It’s hard to disagree with Carl Trueman on this point:
Second, I am also struck by how Christian talk of cultural engagement has coincided with a watering-down of Christian standards of behavior and, ironically, thought. I have lost count of how many times I have been told in recent years that Christians should be able to watch any movie, providing they do so with a critical, Christian eye. There are several obvious problems with that kind of statement. For a start, such a categorical, sweeping statement has little, if any, scriptural or exegetical foundation and indeed seems not to take any account of texts such as Mt. 5: 27-30, Eph. 5: 1-3, Phil. 4: 8, etc. Second, even those making the case rarely mean exactly what they say: ask them if Christians can therefore watch child pornography, and none that I have spoken to have been prepared to go that far, except in the necessary cases of those professionally involved in the detection and prosecution of paedophile crime. No, Christians shouldn’t watch child porn, they’ll say; but the problem, of course, is that definitions of what is and is not pornography, even child pornography, are changing all the time and are driven, by and large, by the wider culture which increasingly mainstreams such material. Witness the new Kate Winslet movie, involving a sex scene between her character and a fifteen year old boy. Specious distinctions involving the actual age of the actor notwithstanding, it is arguably child pornography. Frankly, there are films rated PG-13 today which my grandparents would have considered as porn. Is the standard of what is and is not obscene set by biblical truth or by cultural accommodation? Talk of `Christians can watch anything as long as they do it critically’ is as daft, unbiblical, soft-headed, ill-thought-out, and confused as anything one is likely to come across. In fact, I have a suspicion that for some it might simply function as a rationalization for watching whatever they like and not having to feel guilty about it, the Christian voyeur’s equivalent of the `I only do screen nudity and sex when the script demands it’ excuse of so many `serious’ actresses whose bank balances have been boosted by the occasional flash of on-screen flesh.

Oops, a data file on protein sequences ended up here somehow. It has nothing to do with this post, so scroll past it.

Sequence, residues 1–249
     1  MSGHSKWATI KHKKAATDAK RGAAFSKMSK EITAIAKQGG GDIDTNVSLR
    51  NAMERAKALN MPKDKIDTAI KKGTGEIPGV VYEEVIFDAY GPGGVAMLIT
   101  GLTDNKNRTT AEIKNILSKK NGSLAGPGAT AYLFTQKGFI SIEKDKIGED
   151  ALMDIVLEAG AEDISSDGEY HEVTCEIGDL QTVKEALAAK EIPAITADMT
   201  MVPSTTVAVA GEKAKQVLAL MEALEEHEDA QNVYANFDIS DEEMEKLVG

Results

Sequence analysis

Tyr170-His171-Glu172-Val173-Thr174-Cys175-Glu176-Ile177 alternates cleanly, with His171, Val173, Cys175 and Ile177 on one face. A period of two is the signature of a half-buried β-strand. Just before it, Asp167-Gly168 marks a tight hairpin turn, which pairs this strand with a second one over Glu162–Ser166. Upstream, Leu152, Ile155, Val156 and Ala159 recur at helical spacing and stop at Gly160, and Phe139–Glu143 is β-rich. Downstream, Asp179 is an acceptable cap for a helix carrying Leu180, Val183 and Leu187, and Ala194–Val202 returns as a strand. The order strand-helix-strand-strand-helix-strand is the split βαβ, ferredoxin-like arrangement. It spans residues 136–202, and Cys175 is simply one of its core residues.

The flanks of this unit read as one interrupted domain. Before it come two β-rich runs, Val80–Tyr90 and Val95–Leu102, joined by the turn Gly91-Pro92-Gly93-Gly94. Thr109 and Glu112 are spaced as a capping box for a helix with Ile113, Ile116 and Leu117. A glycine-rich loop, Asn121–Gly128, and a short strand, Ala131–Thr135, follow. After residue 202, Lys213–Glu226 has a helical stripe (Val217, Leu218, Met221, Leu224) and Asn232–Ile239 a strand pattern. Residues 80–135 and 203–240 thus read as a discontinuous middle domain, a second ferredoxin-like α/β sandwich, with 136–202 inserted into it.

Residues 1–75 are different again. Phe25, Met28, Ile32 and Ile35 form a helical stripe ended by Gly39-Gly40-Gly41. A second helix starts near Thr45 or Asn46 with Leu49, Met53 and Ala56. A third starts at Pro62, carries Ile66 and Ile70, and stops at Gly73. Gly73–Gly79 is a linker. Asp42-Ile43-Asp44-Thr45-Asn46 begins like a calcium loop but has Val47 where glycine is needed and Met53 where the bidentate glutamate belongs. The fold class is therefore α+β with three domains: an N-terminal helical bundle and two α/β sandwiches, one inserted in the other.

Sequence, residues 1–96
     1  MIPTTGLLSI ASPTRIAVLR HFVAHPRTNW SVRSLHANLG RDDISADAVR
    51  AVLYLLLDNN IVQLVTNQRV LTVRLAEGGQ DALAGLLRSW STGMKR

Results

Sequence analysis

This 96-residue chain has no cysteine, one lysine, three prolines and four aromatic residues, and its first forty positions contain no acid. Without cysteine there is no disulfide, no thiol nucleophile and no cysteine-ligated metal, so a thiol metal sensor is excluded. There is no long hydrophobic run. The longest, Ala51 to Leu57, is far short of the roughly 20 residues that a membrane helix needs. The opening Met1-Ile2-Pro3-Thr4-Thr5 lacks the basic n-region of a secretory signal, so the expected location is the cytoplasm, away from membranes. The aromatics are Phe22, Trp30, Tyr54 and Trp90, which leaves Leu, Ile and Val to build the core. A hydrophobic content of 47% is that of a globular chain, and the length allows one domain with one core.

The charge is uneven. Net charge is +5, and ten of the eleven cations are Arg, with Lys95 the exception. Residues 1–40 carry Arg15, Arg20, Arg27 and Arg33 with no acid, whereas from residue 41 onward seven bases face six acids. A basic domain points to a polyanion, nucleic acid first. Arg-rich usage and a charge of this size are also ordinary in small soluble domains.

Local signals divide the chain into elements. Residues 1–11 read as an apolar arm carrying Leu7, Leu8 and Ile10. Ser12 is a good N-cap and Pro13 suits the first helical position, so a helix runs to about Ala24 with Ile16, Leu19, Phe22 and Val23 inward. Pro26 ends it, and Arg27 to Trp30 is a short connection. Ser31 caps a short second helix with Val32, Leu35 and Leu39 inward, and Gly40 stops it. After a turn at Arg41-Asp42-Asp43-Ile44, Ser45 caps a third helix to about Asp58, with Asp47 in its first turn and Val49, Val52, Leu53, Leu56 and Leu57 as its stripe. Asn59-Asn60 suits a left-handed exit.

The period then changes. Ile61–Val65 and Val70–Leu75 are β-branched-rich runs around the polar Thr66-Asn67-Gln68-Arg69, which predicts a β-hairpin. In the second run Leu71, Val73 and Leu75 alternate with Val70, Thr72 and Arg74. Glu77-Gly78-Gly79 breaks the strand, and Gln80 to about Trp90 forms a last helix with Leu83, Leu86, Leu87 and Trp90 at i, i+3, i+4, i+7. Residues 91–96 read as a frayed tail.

Thankfully, my piece had gone to the printer–and no, there is no end to my shameless self-promotion– before Trueman had posted this, as we touch on a few of the same themes. One of the points that Trueman hits on is that the emphasis on culture among evangelicals is grounded in a desire to “hyper-spiritualize” everything. He writes:
Third, I am convinced that much culture talk is driven by the need to hyper-spiritualise everything. Of course, I believe everything should be done to the glory of God; but that doesn’t mean I believe we need a Christian theory of movies any more than we need a Christian theory of cake baking, homebrewing, or street sweeping. When I arrive home at night, I sometimes just want to sit down, have a drink, and relax while listening to a piece of music or watching a movie or reading a good book. Pascal was right when he saw that such entertainment was perfectly legitimate in and of itself, when it helped one recover from the drudge and dreariness of the daily grind; when such things become an obsession, an idol, then, of course, they become a problem; but there was no need to specifically Christianise them at a theoretical or epistemological level. Strange to tell, the contemporary evangelical urge to Christianise everything is in itself arguably a form of the very pietism it seeks to reject, where only specifically and consciously Christian things have any legitimate place. Pietism has simply been broadened, not abolished.
Trueman is right to see the (re)new(ed) emphasis on culture as an expansion of pietism (though I might instead characterize it as a reintroduction of the idea of ‘Christendom’). Ironically, it is the lack of a robust natural theology and doctrine of creation that inhibits evangelicals from simply enjoying artworks or movies or culture without any other agenda or end. If we grant the point that evangelicals have been held captive by their political idols, it would be because their doctrine of creation is amiss, which prompts them to put too much emphasis–or not enough–on anything touching the created realm. That new evangelicals now do so with culture instead of politics does not mean they have solved the problem–they’ve simply transferred their allegiances to a different idol.
But then, I’ve said this all elsewhere. (At some point my sense of modesty and limitations will kick in, but not yet!)
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